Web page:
Now that we’ve handed out our Devils-specific awards, it’s time to turn our attention to the league-wide post-season awards. Here we offer our dazzling insight into who we think deserves the “official” NHL awards (and by “dazzling insight” we mean “ill-informed opinions”), as well as some thoughts about the awards the league should seriously consider regularly handing out (if they can have that dopey “Mark Messier Leadership Award”, is it too much to ask for an actual defenseman award?). Since we haven’t watched the Western Conference closely in, oh… say, 5 years, we’re a little limited on commenting on most of the awards (a quick getting-IPB-up-to-speed on the West went a little something like this: “So the Sharks are good, the Kings still suck — wait, there’s a team in Columbus?!? WTF?“), but we’ve never let ignorance get in our way before. Without further ado, here’s how we think the post-season love-fest should play-out.
Sid Crosby. No question. Sorry, Marty. He saved hockey. He saved our sanity. He saved Latin. What did you ever do? Oh, 12 shut-outs, tying* Parent’s* record*, your best season ever. Right. Well… We still say Sid. Even if it’s just to make up for not getting that Calder he so clearly deserved.
Martin Brodeur. There are those who say Roberto Luongo is deserving of this but those people eat puppies for fun. We’re not even going to bother looking his stats up (and yes, we know. They’re really, really good) because Marty deserves this trophy to make up for the fact that Jose Theodore, Olaf Kolzig and Jim Carey won it before he did. Oh, don’t remember Jim Carey? Take a few minutes to look him up. We can wait. See?!? So there you go, Marty gets the Vezina. If Luongo’s still playing this well in 10 years, then he can get the trophy. That’s how this works. Or at least, that’s how it worked for Marty.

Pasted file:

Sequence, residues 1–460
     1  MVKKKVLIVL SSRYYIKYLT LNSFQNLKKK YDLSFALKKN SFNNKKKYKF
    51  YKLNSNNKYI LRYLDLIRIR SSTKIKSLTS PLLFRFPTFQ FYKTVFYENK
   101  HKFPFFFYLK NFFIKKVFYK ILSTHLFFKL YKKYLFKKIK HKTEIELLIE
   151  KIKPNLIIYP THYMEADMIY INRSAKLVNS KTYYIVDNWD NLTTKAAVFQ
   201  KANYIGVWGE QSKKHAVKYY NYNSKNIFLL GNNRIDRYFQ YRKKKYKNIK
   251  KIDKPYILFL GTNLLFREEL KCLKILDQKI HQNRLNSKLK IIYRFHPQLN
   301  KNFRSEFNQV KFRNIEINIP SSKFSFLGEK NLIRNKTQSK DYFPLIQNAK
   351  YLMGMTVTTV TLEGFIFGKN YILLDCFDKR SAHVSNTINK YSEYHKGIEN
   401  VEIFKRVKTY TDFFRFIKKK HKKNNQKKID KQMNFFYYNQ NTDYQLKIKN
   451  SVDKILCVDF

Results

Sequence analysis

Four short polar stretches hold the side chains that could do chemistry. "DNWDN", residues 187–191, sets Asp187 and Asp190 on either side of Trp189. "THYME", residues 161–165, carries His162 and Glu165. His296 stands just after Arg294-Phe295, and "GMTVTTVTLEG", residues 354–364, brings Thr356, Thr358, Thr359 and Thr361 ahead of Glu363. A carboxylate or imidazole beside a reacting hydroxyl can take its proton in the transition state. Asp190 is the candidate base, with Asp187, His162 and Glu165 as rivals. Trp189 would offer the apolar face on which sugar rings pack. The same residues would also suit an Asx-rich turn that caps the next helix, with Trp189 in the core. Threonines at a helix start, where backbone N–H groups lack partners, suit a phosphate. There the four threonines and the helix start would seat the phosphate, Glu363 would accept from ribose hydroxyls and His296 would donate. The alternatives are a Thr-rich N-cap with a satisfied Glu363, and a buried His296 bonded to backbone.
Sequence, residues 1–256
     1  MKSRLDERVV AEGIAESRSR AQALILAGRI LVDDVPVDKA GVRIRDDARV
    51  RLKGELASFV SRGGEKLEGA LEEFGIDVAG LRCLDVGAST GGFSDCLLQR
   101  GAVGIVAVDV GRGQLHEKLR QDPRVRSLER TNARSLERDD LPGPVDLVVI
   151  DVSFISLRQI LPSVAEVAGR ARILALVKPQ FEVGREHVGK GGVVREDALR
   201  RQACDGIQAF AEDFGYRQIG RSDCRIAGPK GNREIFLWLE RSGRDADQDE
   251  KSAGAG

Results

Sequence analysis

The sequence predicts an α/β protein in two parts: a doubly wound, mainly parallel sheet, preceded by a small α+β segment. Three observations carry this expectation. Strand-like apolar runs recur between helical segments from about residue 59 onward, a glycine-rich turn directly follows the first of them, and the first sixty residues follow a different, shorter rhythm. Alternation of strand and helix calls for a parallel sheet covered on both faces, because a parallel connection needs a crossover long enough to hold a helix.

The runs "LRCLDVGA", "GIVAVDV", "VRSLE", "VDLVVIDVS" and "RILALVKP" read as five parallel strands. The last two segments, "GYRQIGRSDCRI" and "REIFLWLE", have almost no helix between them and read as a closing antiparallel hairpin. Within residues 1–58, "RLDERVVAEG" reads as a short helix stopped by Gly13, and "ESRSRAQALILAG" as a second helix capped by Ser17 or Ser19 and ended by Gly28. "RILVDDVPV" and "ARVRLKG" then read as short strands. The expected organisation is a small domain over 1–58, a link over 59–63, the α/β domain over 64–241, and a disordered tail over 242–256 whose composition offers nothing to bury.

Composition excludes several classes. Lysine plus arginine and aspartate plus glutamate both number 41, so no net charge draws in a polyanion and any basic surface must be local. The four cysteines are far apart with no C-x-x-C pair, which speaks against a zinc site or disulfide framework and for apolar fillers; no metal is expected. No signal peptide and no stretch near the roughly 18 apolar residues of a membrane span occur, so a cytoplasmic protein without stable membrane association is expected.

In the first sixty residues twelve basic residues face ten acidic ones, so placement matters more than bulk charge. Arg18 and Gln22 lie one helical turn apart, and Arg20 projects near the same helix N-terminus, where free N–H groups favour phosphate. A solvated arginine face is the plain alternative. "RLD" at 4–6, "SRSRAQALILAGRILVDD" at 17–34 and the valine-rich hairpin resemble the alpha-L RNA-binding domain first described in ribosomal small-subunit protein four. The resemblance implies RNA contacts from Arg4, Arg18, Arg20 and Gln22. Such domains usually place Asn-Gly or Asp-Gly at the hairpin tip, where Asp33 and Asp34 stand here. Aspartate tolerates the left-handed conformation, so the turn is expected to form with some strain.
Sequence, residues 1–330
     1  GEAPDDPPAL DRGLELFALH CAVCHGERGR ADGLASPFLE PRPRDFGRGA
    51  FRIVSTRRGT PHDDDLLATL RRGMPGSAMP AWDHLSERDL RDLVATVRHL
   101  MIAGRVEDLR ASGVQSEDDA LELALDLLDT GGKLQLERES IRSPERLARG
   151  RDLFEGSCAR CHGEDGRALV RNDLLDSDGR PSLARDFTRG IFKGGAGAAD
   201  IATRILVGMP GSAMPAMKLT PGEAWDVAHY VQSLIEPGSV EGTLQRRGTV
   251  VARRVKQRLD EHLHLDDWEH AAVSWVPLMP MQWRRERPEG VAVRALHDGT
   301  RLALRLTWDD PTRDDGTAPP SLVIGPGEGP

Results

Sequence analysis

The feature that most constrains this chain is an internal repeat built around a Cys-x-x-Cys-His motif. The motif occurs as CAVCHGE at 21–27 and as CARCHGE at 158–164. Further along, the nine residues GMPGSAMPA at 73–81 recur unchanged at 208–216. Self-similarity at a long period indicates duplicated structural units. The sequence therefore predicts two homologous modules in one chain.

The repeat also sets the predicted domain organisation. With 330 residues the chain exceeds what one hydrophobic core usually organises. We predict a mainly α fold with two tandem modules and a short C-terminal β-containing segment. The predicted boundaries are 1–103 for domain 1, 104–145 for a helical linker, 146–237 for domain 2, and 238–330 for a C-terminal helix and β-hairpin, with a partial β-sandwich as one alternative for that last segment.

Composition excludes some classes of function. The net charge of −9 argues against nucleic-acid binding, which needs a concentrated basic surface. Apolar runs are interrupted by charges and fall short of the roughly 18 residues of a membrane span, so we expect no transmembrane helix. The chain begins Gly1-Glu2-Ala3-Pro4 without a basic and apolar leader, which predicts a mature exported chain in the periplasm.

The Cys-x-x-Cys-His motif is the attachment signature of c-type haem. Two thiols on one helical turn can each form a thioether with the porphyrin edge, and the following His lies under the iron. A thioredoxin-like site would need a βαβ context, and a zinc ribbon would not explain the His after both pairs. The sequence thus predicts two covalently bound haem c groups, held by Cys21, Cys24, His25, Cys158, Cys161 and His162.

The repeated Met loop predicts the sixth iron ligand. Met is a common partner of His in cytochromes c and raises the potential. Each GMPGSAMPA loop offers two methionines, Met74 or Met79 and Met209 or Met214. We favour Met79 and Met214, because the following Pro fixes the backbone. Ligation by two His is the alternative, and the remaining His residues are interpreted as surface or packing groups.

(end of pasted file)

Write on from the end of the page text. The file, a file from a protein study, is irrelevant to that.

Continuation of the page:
Frank J. Selke Trophy
Jay Pandolfo. No, he won’t actually win this, but he should.
Lady Byng Trophy
Jay Pandolfo. This one he might actually win. And he’ll probably be like every other player in the NHL and have no interest whatsoever in winning the girly trophy (“Ew! It even says ‘Lady’ in the name!”). But you know what? This would be a pretty cool statement about what Pando’s accomplished over the last few seasons. What’s more, maybe the league could use this as a stepping-stone to recasting the Byng Trophy (it sounds much better when you drop that “Lady”, doesn’t it? Maybe they should rename it the “L. Byng Trophy” or the “Dude Byng”) to be something they give to hard-working, tough-yet-clean players who exemplify the ideals of a 21st-century NHL, rather than just to the highest-scoring, softest-hitting player in the league who didn’t qualify as one of the three Hart finalists.
We’ve read somewhere that there are some pretty decent defensemen in the Western Conference. We don’t believe that. So we’ll give this award to… Brad Lukowich. Because we can.